Blockchain is a public ledger that enables cryptocurrencies, but startups are gradually discovering its other uses, like fighting piracy and counterfeits.
Bitcoin is the first of many digital cryptocurrencies that have been shaking up the financial world since 2008. Cryptocurrencies are uniquely decentralised, and work through verified peer-to-peer transactions over public ledger called blockchains, which encrypt links between blocks.
In 2014 Bitcoin had taken off, and tech-savvy entrepreneurs were beginning to explore new uses for blockchain technologies. By removing intermediaries, blockchain facilitates transactions in an entirely new way, without limits and designed for a changing digital environment. We previously wrote on how blockchain is being used in legaltech to benefit lawyers, where data transferrals, smart contracts and timestamped transactions can be made autonomous. Outside of the legal world, the technology has been applied to concepts as diverse as digitising Sweden’s land registry to voting to a couple even getting married over a blockchain.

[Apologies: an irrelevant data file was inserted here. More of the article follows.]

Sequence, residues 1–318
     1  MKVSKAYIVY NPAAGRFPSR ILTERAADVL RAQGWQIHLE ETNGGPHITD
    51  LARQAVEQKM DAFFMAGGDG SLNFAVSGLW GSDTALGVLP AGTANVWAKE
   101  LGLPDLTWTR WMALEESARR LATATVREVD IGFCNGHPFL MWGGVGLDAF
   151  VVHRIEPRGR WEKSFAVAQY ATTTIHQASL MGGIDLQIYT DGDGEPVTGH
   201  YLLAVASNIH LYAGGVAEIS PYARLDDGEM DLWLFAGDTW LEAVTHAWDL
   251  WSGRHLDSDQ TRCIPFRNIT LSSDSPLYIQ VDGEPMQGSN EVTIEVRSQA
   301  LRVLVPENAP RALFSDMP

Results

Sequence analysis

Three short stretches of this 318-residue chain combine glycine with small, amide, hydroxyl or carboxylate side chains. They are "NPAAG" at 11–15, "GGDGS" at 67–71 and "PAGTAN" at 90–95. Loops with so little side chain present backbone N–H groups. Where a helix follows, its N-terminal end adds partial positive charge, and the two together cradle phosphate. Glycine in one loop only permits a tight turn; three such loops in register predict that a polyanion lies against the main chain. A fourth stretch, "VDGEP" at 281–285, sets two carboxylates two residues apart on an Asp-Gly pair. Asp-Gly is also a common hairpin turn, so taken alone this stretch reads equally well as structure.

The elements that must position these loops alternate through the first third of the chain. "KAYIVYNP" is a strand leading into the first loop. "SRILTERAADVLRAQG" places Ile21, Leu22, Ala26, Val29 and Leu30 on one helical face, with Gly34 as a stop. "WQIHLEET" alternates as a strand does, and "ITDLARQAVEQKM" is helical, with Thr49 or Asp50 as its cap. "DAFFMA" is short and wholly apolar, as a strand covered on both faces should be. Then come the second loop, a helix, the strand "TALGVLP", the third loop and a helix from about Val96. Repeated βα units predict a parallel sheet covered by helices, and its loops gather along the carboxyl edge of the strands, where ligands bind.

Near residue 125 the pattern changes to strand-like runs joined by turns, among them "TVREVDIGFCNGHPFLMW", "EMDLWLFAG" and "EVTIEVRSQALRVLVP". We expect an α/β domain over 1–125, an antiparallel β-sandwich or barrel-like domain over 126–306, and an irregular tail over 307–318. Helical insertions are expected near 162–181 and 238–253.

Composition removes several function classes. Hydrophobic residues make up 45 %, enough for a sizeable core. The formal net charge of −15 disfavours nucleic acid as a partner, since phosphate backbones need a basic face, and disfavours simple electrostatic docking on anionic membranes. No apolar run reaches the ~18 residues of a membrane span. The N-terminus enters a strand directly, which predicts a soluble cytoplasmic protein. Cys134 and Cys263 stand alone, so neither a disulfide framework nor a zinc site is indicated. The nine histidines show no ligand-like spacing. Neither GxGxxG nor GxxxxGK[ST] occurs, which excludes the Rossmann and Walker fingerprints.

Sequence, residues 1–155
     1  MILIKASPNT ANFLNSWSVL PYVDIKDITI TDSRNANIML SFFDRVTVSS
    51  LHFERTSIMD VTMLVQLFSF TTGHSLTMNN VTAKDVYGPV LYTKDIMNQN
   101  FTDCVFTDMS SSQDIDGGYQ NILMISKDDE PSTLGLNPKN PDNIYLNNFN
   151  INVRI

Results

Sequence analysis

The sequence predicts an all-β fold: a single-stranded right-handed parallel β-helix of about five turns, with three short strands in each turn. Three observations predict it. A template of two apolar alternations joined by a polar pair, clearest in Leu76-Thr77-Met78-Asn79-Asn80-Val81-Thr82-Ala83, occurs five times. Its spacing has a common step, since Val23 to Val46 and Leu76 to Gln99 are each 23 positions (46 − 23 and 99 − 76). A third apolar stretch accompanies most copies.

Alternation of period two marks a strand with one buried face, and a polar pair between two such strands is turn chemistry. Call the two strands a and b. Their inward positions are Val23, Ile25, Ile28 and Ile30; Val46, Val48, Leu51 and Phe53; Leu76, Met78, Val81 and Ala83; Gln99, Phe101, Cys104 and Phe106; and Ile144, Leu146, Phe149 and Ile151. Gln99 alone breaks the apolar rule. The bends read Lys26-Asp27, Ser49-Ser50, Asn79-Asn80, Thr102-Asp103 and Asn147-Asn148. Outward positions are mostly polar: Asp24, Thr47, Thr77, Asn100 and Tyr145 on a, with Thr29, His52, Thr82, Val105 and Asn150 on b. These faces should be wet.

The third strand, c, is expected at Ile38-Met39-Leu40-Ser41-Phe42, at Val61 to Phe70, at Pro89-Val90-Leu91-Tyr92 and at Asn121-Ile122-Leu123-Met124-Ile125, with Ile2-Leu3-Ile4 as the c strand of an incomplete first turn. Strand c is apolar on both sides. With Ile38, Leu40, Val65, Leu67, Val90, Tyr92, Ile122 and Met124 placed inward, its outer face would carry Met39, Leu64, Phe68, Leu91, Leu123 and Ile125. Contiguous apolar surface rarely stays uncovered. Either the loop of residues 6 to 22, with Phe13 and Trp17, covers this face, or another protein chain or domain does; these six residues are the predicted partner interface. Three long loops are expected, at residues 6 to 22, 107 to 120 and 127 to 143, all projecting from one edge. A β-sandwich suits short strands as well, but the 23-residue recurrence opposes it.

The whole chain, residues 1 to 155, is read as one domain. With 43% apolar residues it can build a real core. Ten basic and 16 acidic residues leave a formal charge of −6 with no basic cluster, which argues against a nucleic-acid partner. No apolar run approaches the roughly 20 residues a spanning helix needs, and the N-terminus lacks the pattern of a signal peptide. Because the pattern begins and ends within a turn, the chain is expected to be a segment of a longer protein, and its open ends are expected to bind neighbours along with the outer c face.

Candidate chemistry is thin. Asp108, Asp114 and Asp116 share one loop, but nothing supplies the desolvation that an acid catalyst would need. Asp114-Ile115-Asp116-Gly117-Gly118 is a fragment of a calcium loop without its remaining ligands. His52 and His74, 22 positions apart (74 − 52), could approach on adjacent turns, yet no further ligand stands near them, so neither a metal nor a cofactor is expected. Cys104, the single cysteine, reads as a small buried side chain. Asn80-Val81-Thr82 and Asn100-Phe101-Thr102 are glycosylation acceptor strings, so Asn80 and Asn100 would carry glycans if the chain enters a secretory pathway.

Startups are jumping on the blockchain trend with all the zeal you can expect from entrepreneurs on a caffeine high, and the worlds of brand protection and anti-piracy see no exception, across many industries:
Fashion counterfeits are a huge threat to luxury brands as they diminish exclusivity and surrender carefully-refined trademarks to unregulated and inferior products, not to mention having devastating effects on sales where consumers believe they are getting the real thing.
Brands that do anti-counterfeiting right have of late implemented tech into brand protection solutions, using radio frequency identification (RFID) to invisibly tag products for retailers to keep track of inventory and identify products. Blockchain solution provider Faizod has absorbed RFID into the blockchain, so that the identifying RFID tag can securely track every transport step in a product’s global supply chain, automating authentication in the tamper-proof system.
Similar to the application of supermaterial graphene in fighting fakes in ‘fingerprinting’ products to verify and provide information on products, the tamper-proof security of blockchain systems is being used to store and combine already-existing records to authenticate products. This is the basis behind London startup Everledger, which protects diamonds through blockchain certificates, in which consumers and insurers can securely view the history of a diamond, as well as any claims made against it.